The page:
How Much Does a White Dwarf Weigh? Astronomers have used, for the first time, a novel method to determine the mass of a nearby dead star. The star is a "white dwarf," the shrunken corpse of a star like our sun after it has burned up its nuclear fuel. The new method is based on the bending of a beam of light near a massive object -- the same phenomenon that was seen during the total eclipse of the Sun that was used to test Einstein's general theory of relativity a century ago. Using the sharp vision of NASA's Hubble Space Telescope, the research team was able to see how much the white dwarf is bending the light from a background star -- a measurement astronomers need in order to gauge the white dwarf's mass. "This measurement is a triumph for the Hubble Space Telescope, a wonderful confirmation of theoretical predictions, and a beautiful reprise of the Einstein solar eclipse observations of a century ago," said team member Howard Bond, Professor of Practice in the Department of Astronomy and Astrophysics at Penn State, and Astronomer Emeritus at NASA's Space Telescope Science Institute, the science operations center for the Hubble Space Telescope. Bond compared the mass that the Hubble team determined for the white dwarf -- 68 percent of the mass of our sun -- with the theoretical predictions of its mass, based on the known radius of the star and the properties of the extremely dense matter that makes up a white dwarf. "The agreement of the theoretical prediction with the measurement we were able to make with Hubble was astonishingly good," Bond said.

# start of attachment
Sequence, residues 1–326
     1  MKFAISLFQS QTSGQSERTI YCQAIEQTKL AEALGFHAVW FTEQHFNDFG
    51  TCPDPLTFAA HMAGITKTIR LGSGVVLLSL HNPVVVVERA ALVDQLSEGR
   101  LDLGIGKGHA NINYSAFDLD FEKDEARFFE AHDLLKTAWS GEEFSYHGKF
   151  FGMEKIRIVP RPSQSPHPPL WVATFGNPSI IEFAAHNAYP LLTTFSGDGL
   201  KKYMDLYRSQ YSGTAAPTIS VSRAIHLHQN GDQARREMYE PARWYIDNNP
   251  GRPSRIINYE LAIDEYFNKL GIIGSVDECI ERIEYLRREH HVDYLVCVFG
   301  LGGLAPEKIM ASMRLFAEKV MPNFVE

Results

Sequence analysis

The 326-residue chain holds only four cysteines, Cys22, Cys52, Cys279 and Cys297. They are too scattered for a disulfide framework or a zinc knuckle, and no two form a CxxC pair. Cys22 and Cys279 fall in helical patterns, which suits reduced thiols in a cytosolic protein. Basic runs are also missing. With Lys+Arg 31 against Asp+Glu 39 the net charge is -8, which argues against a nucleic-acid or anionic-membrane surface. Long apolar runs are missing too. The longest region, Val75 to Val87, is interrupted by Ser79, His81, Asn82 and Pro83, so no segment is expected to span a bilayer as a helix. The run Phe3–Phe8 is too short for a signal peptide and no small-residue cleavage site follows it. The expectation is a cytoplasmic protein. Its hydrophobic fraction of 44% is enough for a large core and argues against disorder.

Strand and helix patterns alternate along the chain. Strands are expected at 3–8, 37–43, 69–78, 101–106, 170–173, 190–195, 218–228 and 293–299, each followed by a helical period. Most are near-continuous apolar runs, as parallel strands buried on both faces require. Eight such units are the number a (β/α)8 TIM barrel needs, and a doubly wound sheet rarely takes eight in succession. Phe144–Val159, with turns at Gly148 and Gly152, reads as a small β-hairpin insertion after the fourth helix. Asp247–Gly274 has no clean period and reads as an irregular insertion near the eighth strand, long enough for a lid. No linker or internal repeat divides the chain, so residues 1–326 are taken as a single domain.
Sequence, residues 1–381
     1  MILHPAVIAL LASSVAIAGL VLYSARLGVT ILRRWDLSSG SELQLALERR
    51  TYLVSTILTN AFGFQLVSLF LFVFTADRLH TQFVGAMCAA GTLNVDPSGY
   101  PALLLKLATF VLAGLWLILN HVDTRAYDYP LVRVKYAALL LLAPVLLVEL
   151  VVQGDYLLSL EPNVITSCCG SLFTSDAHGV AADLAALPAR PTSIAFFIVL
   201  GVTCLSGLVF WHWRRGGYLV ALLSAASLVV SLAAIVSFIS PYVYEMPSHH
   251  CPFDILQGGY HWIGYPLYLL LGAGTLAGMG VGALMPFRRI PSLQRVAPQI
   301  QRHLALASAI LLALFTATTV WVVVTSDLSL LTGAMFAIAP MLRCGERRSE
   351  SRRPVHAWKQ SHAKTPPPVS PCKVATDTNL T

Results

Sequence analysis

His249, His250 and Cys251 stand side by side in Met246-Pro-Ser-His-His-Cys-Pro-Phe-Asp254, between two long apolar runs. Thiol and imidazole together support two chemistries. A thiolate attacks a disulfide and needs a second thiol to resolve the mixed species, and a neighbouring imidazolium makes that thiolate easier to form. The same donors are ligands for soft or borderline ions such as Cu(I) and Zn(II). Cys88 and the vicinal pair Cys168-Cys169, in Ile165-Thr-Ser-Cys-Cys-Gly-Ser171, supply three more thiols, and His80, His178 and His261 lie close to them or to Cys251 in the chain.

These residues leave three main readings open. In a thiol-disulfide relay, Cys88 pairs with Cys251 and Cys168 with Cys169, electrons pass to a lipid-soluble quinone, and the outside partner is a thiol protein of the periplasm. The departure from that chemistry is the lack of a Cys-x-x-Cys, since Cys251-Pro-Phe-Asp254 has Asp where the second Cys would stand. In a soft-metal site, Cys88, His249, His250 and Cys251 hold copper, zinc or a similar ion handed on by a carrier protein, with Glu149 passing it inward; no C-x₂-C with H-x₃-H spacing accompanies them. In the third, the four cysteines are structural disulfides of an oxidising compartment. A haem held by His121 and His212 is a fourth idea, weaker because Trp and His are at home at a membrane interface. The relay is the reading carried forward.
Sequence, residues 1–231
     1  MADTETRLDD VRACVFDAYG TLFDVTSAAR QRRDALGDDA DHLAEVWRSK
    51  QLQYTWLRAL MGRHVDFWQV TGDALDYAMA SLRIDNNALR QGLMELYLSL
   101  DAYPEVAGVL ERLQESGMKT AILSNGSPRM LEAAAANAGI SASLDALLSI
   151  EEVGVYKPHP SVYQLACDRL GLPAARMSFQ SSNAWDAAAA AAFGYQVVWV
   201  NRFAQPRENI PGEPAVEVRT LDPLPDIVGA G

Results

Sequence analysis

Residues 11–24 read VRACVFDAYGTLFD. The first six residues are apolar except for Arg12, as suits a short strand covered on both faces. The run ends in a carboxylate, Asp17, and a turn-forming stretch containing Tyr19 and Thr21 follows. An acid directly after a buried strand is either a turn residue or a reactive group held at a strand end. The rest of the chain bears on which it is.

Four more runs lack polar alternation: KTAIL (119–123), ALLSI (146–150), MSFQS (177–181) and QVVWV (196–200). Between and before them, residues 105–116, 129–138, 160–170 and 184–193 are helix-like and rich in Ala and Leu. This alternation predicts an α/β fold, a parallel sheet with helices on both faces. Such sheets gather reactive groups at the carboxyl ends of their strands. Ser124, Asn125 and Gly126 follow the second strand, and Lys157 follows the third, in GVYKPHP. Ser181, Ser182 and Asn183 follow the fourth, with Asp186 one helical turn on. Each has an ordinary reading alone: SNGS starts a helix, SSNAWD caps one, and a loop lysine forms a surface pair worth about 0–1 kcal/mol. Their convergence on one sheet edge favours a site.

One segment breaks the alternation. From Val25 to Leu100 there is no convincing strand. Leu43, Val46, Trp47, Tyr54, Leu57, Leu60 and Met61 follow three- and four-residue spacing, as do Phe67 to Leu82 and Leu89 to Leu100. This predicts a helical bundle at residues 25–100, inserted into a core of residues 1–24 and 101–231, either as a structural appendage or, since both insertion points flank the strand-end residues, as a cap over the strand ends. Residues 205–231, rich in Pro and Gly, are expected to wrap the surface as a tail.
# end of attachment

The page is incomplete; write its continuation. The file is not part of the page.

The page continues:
Scientists Simulate Universe in a Super Computer - Researchers from the University of Zurich have simulated the formation of our entire Universe with a large supercomputer. A gigantic catalogue of about 25 billion virtual galaxies has been generated from 2 trillion digital particles. Over a period of three years, a group of astrophysicists from the University of Zurich has developed and optimised a revolutionary code to describe with unprecedented accuracy the dynamics of dark matter and the formation of large-scale structures in the Universe. As Joachim Stadel, Douglas Potter and Romain Teyssier report in their recently published paper, the code (called PKDGRAV3) has been designed to use optimally the available memory and processing power of modern supercomputing architectures, such as the "Piz Daint" supercomputer of the Swiss National Computing Center (CSCS). The code was executed on this world-leading machine for only 80 hours, and generated a virtual universe of two trillion (i.e., two thousand billion or 2 x 1012) macro-particles representing the dark matter fluid, from which a catalogue of 25 billion virtual galaxies was extracted. Thanks to the high precision of their calculation, featuring a dark matter fluid evolving under its own gravity, the researchers have simulated the formation of small concentration of matter, called dark matter halos, in which we believe galaxies like the Milky Way form. The challenge of this simulation was to model galaxies as small as one tenth of the Milky Way, in a volume as large as our entire observable Universe.